2. As Michael Clark notes in a comment, your lenses do not give an equivalent field of view. That means to get the same framing, you'll have to be a lot closer with the Pentax, which would also change depth of field (and the perspective would be different). So this whole exercise would probably be better if using a 60mm Nikkor lens alongside the 90mm Pentax.

  • thanks Matt, so if my images are not getting printed for a wall! and just on phone and laptops, with the Nikon D-810 sensor size that I alreay have, I won't get much difference with that Pentax? so no reason to have it ? right? – Brandon Mar 24 '16 at 14:32
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    I wouldn't say that there's "no reason" in the grand sense — there are plenty of great things about the Pentax 645 digital series, any of which could be a reason to have it. But if you're looking for a dramatic difference in depth of field, right, that's not one of the reasons. – mattdm Mar 24 '16 at 15:06
  • >>Of course, for exposure to be the same, you'll need to adjust shutter speed or ISO by about ⅔ stop to match. --- Is just plain wrong. f/2.8 is f2.8, same exposure on any camera. That is the whole point of f/stop. Fancy lightmeters do not have a menu for camera type, their reading applies to any camera, with any size sensor. – WayneF Mar 24 '16 at 15:23
  • @WayneF Errrr, you're misreading. f/2.8 is f/2.8, but f/2.3 is not. – mattdm Mar 24 '16 at 15:26
  • Maybe so. I see the top part now, which is good. I was just skimming, and your sentence jarred me hard. We do see the same thing in places, a pet peeve here. Maybe you could edit that sentence to word it better, more clearly, more specifically, for readers like me. :) – WayneF Mar 24 '16 at 15:41
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To compare DOF you need two things:

  • FoV (field of view)
  • entrant pupil (the physical place from camera gathers the light)

Given this two measurements you may confidently say which camera from two with same FoV will give smaler DoF (the one with bigger entrant pupil).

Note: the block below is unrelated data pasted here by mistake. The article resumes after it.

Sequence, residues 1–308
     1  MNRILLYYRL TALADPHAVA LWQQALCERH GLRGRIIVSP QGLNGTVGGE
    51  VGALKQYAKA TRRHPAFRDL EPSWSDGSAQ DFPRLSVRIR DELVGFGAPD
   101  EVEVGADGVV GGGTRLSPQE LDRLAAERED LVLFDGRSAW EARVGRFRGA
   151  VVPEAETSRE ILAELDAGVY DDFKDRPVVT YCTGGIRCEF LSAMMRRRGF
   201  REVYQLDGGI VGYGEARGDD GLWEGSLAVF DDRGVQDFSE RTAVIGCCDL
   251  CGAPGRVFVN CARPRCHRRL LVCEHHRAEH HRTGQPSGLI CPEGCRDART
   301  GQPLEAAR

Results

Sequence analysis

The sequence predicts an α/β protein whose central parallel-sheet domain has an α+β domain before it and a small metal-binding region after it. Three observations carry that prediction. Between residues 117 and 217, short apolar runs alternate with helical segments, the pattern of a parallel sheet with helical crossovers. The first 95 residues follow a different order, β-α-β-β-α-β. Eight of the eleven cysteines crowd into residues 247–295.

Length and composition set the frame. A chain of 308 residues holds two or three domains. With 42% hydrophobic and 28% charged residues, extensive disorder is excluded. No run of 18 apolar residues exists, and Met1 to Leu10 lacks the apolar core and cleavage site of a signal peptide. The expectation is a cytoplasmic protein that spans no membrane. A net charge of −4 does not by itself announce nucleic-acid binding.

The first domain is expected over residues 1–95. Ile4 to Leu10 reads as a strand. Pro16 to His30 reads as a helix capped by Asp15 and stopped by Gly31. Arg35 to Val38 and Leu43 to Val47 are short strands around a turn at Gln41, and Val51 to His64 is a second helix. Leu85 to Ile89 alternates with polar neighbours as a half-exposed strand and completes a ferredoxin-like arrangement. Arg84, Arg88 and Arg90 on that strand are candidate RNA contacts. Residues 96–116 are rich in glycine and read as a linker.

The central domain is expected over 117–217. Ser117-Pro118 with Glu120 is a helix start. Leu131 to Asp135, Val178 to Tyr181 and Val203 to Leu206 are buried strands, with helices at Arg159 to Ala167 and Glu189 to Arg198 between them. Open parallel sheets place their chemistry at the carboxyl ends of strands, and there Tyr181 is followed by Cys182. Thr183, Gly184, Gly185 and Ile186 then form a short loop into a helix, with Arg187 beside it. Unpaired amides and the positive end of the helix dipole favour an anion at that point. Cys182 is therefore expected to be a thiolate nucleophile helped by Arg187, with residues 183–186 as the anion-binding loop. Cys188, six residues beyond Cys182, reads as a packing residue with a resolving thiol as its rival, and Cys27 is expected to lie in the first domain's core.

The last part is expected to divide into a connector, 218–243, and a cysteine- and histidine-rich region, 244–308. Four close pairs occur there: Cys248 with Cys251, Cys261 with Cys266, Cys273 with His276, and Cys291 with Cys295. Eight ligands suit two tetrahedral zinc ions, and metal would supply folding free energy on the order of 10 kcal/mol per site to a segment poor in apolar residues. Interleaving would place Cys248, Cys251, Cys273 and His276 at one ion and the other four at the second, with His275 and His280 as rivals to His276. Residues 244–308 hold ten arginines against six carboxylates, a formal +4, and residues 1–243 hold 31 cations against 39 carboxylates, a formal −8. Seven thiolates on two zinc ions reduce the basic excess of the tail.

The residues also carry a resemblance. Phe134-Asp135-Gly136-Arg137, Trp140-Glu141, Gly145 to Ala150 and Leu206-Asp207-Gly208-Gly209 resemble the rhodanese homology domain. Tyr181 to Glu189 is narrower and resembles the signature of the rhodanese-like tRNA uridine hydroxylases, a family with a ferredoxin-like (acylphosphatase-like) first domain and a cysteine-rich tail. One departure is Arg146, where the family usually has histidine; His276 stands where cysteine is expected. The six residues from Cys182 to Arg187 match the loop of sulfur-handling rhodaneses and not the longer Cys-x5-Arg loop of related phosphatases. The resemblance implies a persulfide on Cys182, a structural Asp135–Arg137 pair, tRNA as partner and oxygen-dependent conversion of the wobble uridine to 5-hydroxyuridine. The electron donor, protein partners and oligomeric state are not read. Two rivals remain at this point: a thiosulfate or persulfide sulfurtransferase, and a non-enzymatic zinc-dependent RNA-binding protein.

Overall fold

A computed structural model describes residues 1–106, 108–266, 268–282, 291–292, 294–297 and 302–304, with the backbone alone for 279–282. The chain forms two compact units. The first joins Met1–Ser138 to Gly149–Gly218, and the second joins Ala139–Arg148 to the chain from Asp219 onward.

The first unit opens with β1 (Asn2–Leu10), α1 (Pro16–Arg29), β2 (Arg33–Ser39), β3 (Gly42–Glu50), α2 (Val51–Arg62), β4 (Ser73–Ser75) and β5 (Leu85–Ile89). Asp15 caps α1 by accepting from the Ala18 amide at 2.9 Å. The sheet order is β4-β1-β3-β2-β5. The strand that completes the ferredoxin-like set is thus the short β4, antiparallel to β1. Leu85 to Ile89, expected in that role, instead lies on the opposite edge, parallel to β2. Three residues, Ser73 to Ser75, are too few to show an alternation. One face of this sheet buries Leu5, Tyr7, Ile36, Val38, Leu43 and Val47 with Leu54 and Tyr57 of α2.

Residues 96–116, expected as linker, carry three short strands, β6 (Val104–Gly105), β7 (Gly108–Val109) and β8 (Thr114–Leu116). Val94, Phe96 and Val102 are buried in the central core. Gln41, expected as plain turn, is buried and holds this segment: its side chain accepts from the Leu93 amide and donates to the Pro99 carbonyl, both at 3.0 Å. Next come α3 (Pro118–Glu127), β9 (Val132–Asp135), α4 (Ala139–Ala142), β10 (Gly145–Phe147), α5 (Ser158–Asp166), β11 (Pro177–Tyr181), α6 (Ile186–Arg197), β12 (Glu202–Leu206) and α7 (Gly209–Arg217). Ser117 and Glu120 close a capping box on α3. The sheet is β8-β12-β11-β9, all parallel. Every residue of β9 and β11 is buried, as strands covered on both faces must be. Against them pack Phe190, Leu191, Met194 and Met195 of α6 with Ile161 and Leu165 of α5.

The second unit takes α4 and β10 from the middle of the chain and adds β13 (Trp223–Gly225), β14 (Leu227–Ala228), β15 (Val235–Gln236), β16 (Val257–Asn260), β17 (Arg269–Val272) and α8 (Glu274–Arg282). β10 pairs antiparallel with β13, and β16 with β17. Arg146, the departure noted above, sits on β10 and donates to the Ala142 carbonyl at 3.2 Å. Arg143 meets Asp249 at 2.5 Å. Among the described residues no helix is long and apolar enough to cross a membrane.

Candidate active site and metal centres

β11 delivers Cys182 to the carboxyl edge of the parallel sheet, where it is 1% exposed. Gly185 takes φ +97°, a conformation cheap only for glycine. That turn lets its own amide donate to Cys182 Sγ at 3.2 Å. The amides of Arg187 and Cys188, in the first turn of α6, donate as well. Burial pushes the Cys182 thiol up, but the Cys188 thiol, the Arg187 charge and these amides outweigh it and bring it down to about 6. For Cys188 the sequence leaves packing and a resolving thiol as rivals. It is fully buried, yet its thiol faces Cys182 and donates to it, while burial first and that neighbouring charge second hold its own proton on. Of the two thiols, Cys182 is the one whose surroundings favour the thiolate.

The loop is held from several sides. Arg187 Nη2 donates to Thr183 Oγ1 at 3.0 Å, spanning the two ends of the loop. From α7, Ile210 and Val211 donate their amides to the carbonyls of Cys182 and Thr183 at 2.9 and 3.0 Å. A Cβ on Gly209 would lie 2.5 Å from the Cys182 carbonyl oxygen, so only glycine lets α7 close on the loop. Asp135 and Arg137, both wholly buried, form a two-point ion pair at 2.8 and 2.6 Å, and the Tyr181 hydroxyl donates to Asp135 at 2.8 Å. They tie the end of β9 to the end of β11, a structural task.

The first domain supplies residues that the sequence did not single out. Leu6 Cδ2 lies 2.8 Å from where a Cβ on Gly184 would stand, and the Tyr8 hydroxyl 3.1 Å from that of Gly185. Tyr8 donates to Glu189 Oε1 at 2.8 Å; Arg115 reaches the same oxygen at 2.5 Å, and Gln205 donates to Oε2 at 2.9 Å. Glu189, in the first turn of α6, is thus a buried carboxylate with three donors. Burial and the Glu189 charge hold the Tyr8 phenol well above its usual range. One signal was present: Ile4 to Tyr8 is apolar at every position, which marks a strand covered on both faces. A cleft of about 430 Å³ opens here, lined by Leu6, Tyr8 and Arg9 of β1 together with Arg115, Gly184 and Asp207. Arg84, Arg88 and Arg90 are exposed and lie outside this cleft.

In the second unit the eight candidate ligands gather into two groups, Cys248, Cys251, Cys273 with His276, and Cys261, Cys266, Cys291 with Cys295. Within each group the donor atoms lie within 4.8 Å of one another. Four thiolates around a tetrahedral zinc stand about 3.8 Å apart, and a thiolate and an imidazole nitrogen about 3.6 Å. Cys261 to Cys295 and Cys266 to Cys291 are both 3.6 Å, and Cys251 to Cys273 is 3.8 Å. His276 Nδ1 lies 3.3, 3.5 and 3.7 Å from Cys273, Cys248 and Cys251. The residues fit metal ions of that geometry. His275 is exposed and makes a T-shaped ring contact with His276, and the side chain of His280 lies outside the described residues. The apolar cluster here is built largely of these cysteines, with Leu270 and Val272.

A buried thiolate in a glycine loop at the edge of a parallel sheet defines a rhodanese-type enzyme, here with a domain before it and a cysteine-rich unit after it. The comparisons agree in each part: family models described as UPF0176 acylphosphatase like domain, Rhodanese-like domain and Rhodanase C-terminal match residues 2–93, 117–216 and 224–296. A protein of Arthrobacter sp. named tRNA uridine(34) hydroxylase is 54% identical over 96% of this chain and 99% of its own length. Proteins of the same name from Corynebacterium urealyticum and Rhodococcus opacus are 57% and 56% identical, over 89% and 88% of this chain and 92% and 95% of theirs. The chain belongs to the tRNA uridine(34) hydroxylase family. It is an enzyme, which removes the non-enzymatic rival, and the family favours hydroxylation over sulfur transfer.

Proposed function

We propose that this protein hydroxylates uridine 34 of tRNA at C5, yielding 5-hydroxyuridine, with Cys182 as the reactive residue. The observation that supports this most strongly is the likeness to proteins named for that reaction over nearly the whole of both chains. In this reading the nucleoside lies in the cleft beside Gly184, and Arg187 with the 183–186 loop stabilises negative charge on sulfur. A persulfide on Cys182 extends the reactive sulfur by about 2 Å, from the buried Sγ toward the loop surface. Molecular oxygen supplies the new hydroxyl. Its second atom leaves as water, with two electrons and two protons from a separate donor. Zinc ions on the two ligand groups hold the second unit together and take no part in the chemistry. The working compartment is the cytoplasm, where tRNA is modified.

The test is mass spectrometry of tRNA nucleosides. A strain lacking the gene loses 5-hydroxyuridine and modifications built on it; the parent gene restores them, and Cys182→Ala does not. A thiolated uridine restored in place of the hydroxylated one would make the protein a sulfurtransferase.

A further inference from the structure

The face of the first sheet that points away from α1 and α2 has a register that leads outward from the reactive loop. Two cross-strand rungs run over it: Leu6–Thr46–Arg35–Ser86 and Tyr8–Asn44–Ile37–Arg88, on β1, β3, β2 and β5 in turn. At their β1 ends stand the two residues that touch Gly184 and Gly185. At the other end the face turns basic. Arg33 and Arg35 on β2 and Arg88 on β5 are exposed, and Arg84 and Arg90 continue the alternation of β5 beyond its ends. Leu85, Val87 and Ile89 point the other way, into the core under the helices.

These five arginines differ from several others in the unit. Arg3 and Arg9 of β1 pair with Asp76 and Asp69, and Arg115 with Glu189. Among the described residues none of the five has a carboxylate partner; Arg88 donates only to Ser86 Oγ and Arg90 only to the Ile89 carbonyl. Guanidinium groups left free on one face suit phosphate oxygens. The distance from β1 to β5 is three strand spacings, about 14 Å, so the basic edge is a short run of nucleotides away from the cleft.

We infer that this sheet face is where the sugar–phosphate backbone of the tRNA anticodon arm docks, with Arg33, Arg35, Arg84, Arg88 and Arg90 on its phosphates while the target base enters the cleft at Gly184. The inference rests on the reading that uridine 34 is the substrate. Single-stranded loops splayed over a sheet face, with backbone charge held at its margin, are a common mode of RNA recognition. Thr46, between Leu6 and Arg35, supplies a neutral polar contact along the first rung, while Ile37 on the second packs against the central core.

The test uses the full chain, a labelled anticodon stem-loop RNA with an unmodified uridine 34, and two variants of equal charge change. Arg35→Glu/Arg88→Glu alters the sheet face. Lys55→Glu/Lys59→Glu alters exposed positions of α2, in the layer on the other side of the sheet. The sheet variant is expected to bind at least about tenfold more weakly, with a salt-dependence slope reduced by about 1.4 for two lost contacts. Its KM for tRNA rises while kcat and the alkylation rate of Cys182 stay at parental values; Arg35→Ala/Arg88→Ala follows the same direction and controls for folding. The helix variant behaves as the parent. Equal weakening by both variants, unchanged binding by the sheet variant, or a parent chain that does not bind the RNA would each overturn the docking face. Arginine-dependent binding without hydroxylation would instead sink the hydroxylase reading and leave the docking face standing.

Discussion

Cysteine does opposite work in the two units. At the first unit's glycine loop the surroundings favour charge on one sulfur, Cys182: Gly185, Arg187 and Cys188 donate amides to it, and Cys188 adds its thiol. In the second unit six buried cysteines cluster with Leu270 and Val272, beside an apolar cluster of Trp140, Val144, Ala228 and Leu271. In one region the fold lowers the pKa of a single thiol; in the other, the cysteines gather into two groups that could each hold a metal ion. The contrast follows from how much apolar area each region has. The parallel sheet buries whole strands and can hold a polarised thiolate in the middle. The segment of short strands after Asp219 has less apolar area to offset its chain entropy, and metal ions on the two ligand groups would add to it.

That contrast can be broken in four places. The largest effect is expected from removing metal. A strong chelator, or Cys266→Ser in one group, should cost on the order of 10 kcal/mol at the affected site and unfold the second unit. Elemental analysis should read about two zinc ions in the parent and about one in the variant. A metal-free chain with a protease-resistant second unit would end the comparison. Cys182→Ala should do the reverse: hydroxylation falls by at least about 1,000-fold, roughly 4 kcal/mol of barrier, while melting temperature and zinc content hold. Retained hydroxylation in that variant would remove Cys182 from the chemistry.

You might also want to note that 645Z is only medium format slightly larger than 35mm film (44x33 vs 36x24). The medium format goes all way up to 100x80 mm.

Also, it is not just small DoF which is regarded, it is also specific optical blur because of different optical schemes and, in case of film, greater dynamic range (one stop for each 2x sensor size increase - thus, 3 stops wider dynamic range for 10x8 vs 35mm film of same kind).

  • no clue what are does two things :( can you explain more? – Brandon Mar 24 '16 at 14:07
  • "645Z is only medium format slightly smaller than 35mm film " ? Smaller or larger? – Brandon Mar 24 '16 at 14:09
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    @blake: edited. – Euri Pinhollow Mar 24 '16 at 14:09
  • I would say that a sensor with roughly 5/3 the area and 4/3 the diagonal of the other is more than slightly larger. – Michael C Mar 24 '16 at 21:05
  • @MichaelClark the diagonal looks closer to 5/4 than 4/3 to me. It seems insignificant, but it's still a 2/3 or 3/4 stop improvement. Not quite the improvement you usually get from jumping from one format to the next, so I could see the argument going either way. I say this as a big fan of Pentax. – Mark Ransom Mar 24 '16 at 22:40